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Credit: Derek Gavey

Clean Power

Solar Lease or Solar Ownership? The Ultimate Solar Calculator “App”

A few weeks ago I wrote about the potential comeback of solar ownership relative to leasing, as the cost of rooftop solar PV continues to fall and new financing options make ownership easier than ever. It’s been an ownership pile on since then, with others saying Why Lease Solar Panels When You Can Own Them? and Don’t Lease Your Solar Panels!

Is owning a solar panel the best deal? Find out now with ILSR’s Ultimate Solar Calculator!

The calculator below lets you compare (leasing) apples to (ownership) apples, and the chart below the calculator shows the value of your solar investment over 15, 25, and 30 years.

The default inputs are good estimates based on ILSR’s research, but you can customize the comparison extensively. The key elements in the ownership v. leasing comparison are in orange, but other options (like nearest city) will make the actual numbers accurate to your location.

Scroll below the calculator for explanations of the inputs.

Keep in mind that solar panels typically carry a 20-year warranty, but most panels are expected to continue producing electricity for 30 years or more.

The Ultimate Solar Calculator from ILSR

ultimate solar calculator click to interact
Embed this calculator on your website

Calculator Terms

Solar project size, cost, and electricity production

  • Annual kWh – the estimated amount of kilowatt-hours of electricity produced by the solar array each year.
  • Nearest city – (used to estimate the solar production)
  • Annual output degrade – the annual decrease in the solar production of the solar array, typically 0.5%
  • System size – the size of the solar array in kilowatts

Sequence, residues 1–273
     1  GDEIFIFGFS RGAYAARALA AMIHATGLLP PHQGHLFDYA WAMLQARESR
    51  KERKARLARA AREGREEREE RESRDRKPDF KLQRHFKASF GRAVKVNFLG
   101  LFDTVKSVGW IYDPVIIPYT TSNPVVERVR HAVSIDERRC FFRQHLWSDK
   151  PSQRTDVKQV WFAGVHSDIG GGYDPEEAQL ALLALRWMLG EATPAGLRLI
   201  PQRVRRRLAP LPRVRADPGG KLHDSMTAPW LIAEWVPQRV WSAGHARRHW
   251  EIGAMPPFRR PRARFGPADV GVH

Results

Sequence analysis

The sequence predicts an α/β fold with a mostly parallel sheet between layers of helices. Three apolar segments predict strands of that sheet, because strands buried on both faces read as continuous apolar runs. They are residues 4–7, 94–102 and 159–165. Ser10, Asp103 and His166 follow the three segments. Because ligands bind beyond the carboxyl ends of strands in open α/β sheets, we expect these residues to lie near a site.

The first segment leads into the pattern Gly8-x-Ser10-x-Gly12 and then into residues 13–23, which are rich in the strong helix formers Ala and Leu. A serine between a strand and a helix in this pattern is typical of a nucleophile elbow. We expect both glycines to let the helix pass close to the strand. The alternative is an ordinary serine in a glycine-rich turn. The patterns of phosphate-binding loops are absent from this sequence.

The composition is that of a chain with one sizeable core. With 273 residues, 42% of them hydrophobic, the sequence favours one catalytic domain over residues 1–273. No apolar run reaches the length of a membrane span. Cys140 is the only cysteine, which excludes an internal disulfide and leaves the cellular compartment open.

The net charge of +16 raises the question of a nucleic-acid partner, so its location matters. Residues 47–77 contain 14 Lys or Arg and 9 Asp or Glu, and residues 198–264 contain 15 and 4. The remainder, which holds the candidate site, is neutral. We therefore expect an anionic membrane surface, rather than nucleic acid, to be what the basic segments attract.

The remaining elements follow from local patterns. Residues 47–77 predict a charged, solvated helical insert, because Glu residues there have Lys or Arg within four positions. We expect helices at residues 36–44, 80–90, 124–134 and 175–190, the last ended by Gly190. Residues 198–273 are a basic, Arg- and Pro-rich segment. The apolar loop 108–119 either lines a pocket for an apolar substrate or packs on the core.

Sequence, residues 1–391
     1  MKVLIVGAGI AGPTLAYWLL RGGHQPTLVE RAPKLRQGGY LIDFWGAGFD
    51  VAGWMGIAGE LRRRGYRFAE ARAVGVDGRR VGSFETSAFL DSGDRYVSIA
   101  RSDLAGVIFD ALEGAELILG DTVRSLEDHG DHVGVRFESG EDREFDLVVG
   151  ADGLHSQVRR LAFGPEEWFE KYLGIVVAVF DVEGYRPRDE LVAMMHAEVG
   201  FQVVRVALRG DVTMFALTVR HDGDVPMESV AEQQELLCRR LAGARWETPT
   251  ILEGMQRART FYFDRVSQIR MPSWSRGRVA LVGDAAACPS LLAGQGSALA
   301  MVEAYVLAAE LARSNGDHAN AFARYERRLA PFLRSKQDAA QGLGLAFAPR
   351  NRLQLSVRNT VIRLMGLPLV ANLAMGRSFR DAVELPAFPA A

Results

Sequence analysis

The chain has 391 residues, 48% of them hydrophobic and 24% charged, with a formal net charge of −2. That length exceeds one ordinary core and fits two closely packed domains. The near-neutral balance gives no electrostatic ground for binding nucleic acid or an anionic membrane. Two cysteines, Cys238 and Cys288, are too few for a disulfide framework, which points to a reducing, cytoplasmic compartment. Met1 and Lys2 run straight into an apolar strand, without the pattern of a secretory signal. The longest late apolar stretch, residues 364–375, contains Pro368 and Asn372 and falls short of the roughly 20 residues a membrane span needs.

• Cost per Watt – the cost, including hardware and labor, to install the solar array per Watt of capacity
  • Total installed cost – self-evident, I hope
  • 30% federal tax credit – the cash value of the 30% federal tax credit (available through 2016)
  • State tax credit – state tax credit, if applicable
  • Utility/State rebate – utility or state rebate, if applicable

Economic Assumptions

  • General price inflation – estimated inflation in prices, for estimating the long-term investment value
  • Discount rate – an economists calculation of the time value of money. Default of 8% suggests that you’d value 92¢ today as much as $1.00 next year
  • Real discount rate – discount rate minus inflation rate
  • Net metering rate per kWh – the price for solar energy produced, in dollars per kilowatt-hour. Typically the same rate as is paid for electricity from the utility.

Financing Terms

Leasing Terms

  • Down payment (leasing terms) – the down payment on the lease
  • Lease price inflation – the annual increase in the lease payment
  • 1st monthly payment – the initial monthly payment for the lease
  • Electricity. price inflation – the expected annual increase in electricity prices (historically 3%, but higher in many areas in the past 5-10 years)
  • 15-year buyout price – the price, in dollars, for a leasing customer to buy the solar array after the lease expires (if available)

Embed Code:
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Featured Photo Credit: Derek Gavey

This article originally posted at ilsr.org. For timely updates on democratic energy, follow John Farrell on Twitter or get the Democratic Energy weekly update.

 
 
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Written By

John directs the Democratic Energy program at ILSR and he focuses on energy policy developments that best expand the benefits of local ownership and dispersed generation of renewable energy. His seminal paper, Democratizing the Electricity System, describes how to blast the roadblocks to distributed renewable energy generation, and how such small-scale renewable energy projects are the key to the biggest strides in renewable energy development.   Farrell also authored the landmark report Energy Self-Reliant States, which serves as the definitive energy atlas for the United States, detailing the state-by-state renewable electricity generation potential. Farrell regularly provides discussion and analysis of distributed renewable energy policy on his blog, Energy Self-Reliant States (energyselfreliantstates.org), and articles are regularly syndicated on Grist and Renewable Energy World.   John Farrell can also be found on Twitter @johnffarrell, or at jfarrell@ilsr.org.

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